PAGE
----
Please know that I’m not trying to be judgmental. I just find myself concerned that, at age 43, I’m turning into the proverbial “grumpy old man.” I mean, am I going to wake up tomorrow and scream at the neighborhood kids to, “Get off my lawn!”? I sure hope not.

Going to the Halloween store was certainly an eye opening experience for me this year. It made me realize that I should have been relieved that my son ch1wanted to dress up as a goat…man…thing. I don’t know whether to laugh or cry about the fact that I’m relieved that he’d rather be Coach Hedge instead of wearing a getup marketed under the name Bigger in Texas Flasher Costume. Yes, that’s the name of a real costume.  And no, I have absolutely no intention of finding out what that means.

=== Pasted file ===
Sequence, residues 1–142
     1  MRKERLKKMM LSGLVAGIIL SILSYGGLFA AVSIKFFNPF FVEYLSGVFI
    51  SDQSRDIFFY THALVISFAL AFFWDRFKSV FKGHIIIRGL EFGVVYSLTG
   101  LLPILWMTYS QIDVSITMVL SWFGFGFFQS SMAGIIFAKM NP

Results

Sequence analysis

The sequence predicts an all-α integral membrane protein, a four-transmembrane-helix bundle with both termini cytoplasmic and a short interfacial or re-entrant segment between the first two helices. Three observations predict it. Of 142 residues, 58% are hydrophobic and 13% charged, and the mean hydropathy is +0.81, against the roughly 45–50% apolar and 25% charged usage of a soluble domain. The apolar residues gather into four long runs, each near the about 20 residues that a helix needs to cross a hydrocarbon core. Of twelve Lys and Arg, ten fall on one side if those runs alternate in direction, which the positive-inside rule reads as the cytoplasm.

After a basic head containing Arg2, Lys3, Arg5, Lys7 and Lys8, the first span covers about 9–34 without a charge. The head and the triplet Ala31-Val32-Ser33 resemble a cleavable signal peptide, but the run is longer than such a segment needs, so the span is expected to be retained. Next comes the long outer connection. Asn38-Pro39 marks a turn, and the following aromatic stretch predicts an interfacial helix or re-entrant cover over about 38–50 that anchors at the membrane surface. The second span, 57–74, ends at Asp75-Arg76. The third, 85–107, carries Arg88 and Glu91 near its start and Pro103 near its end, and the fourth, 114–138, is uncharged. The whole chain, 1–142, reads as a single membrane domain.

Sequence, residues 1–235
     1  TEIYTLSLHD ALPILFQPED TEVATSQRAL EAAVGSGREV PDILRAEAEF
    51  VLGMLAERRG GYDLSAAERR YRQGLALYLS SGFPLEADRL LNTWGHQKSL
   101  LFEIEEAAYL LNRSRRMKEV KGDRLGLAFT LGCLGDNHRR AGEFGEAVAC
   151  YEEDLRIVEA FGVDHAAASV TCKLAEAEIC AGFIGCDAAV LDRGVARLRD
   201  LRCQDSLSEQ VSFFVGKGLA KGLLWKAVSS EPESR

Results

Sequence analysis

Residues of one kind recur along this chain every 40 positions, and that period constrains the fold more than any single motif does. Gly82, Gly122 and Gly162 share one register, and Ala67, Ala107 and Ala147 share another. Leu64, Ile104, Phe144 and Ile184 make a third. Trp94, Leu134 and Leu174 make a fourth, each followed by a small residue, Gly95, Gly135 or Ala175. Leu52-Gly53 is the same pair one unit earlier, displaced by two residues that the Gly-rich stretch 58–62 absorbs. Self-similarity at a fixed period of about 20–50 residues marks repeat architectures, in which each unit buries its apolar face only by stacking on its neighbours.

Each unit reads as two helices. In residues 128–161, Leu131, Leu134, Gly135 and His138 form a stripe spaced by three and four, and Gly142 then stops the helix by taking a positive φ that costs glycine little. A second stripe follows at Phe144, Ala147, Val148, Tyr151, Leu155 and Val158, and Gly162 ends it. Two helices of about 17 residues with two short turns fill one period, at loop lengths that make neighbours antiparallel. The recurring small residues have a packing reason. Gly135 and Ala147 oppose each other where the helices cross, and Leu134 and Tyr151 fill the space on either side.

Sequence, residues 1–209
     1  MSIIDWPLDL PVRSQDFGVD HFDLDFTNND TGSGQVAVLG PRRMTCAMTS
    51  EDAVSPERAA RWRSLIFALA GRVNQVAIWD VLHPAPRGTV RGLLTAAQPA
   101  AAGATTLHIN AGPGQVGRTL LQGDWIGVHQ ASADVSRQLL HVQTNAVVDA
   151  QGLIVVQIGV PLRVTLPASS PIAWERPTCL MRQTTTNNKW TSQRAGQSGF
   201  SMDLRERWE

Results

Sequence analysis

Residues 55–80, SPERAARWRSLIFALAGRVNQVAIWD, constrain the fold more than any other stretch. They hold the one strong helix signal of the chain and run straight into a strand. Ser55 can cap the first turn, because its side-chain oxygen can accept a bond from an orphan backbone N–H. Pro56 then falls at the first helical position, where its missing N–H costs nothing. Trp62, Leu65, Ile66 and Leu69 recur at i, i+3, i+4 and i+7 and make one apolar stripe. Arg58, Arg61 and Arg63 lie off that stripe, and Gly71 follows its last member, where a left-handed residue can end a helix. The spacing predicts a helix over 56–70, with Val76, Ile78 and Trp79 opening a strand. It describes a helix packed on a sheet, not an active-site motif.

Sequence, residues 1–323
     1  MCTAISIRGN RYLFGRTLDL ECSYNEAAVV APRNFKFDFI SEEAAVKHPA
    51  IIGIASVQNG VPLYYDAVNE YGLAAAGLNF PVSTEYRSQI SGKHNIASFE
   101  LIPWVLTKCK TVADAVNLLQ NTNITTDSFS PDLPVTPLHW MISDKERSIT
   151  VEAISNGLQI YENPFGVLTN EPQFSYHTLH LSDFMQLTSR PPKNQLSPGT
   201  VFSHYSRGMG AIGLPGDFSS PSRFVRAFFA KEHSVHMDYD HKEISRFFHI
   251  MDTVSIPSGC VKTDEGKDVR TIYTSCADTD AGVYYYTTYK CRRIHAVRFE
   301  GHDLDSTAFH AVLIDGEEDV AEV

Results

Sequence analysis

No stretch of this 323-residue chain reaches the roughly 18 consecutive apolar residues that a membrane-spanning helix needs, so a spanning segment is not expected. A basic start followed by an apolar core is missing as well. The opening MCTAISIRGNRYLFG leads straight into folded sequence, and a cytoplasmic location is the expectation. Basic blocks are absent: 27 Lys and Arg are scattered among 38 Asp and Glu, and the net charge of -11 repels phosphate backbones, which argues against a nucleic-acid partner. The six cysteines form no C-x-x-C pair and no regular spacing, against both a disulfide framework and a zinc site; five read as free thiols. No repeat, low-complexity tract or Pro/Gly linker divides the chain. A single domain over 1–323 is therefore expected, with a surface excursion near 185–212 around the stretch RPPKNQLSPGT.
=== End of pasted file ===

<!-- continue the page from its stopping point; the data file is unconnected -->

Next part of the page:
My little guy wanted to be a sarcastic, obnoxious, club wielding goat man who calls everyone Cupcake, and that’s what I let him be. I guess it could have been worse.